On the other hand if a gallery has no financial nor strategic commitment to an artist their perspective can be very different. This is not to say that individuals who run Virtual Galleries cannot represent artists in a professional first-rate manner they simply represent a situation where some of the incentives to do so are missing. Artists and publishers often take a long view of an artist's career and are willing to sacrifice immediate sales in order to establish a collector base and a team of galleries with mutual interests for long term relationships and career enhancement. For these reasons artists and their publishers will often bypass the opportunity to sell to more galleries and move more product where they see short-term gain but long-term harm to the artist's career.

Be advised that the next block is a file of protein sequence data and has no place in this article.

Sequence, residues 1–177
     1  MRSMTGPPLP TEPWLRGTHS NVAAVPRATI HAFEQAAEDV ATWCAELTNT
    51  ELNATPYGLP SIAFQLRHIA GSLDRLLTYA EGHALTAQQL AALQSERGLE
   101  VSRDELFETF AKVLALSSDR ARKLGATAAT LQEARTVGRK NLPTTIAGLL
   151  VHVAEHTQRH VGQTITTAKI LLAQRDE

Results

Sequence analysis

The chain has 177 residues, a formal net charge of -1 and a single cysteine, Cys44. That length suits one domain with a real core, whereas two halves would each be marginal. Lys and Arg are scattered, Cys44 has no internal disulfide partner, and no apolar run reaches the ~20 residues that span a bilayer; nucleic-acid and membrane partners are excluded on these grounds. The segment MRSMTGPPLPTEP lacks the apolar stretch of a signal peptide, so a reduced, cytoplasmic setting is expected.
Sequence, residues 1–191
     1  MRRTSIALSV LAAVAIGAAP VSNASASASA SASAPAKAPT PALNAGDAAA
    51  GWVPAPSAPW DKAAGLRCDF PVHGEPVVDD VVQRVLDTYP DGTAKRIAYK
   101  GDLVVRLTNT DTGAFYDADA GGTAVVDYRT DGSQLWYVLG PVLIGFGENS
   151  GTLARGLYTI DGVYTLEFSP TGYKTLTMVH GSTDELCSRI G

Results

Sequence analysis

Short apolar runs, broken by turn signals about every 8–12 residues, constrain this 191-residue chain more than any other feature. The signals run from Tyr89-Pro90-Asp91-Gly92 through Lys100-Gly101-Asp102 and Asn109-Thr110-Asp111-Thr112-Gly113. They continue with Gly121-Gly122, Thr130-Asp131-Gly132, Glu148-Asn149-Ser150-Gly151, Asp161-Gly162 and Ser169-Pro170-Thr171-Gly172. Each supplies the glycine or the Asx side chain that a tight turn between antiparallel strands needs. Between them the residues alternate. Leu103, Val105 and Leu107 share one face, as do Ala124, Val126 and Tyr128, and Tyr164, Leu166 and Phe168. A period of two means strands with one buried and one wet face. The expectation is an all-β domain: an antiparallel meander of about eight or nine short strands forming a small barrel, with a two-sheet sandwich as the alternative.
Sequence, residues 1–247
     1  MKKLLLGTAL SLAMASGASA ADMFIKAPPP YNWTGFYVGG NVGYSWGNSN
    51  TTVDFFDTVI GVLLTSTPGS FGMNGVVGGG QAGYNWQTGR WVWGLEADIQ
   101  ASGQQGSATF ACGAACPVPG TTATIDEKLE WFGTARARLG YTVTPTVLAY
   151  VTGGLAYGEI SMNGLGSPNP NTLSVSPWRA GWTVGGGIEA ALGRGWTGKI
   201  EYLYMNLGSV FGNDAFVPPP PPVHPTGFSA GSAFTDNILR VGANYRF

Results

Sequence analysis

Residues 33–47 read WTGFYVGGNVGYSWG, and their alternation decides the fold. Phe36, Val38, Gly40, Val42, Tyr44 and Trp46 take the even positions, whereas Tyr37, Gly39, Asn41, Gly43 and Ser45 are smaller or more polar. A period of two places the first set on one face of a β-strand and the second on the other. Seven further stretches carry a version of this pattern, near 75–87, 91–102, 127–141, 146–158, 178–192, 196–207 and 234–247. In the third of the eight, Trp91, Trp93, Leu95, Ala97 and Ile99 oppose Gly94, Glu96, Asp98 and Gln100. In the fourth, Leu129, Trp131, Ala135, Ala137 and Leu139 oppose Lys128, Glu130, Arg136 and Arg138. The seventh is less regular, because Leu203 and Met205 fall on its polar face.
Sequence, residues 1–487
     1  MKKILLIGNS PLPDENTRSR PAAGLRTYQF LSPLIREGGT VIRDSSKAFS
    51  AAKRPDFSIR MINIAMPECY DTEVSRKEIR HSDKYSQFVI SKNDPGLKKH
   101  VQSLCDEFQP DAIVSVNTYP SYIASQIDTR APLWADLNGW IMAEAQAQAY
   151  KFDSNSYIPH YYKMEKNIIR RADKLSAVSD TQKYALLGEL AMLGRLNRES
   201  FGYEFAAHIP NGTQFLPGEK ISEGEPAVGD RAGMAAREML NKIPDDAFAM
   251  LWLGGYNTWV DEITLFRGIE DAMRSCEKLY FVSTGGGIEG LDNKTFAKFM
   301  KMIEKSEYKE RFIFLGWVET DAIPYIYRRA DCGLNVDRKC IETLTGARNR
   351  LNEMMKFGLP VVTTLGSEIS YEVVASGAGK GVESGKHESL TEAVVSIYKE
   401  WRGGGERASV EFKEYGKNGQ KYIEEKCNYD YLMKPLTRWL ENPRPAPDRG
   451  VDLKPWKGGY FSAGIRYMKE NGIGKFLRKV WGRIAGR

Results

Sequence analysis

A virtual gallery that does not have a relationship with the artist or publisher and sets up its gallery without seeking permission maybe violating numerous laws. Simply because one operates on the Internet does not mean that the copyright and trademark laws do not apply. They apply the exact same to Virtual Galleries and virtual entities as they do to brick and mortar companies. For whatever reasons there seems to be a misconception that if one is operating online different standards apply. Not so, all one needs to do is look at the case law from the early rapper sampling cases to Napster to see that copyright and trademark laws apply no matter the format or medium. The first step a Virtual Gallery undertakes is to acquire copies on the artist's works. They can be from a book, calendar, tear sheets, catalogs, greeting cards, prints, posters, etc. These images are generally scanned and a digital file is created. In the act of scanning and creating a digital file a copy is made. If it is done without the artist's permission it is a copyright infringement. In transferring the copy from the PC attached to the scanner to the server which houses the web site another infringing copy is made, a separate violation of copyright law. Virtual Galleries make images available for viewing, a public display of the artwork. Public display is also the right of the copyright owner. As such, having a work displayed on the web site without permission is a third copyright infringement. While the next concept this not intuitive, the law has supported the premise that viewing an infringing image causes each individual who is viewing the infringing image to be violating the artist's copyright. By facilitating the "infringing actions" of viewers the Virtual Gallery owner is what is known as a "Contributory Infringer" and perhaps also a "Vicarious Infringer". When one views a web site a temporary copy is made in the viewer's computer and the courts have held that even though the copy is only in RAM and maybe transitory it is enough of a copy for copyright infringement purposes. Therefore, by scanning an artwork, posting it to web site, displaying it and allowing viewers to view the images at least four separate copyright infringements have occurred. Virtual Gallery often incorporate text regarding the artist, their careers artwork from books or the artist's promotional materials. The unauthorized reproduction of such text is also copyright violation (a fifth).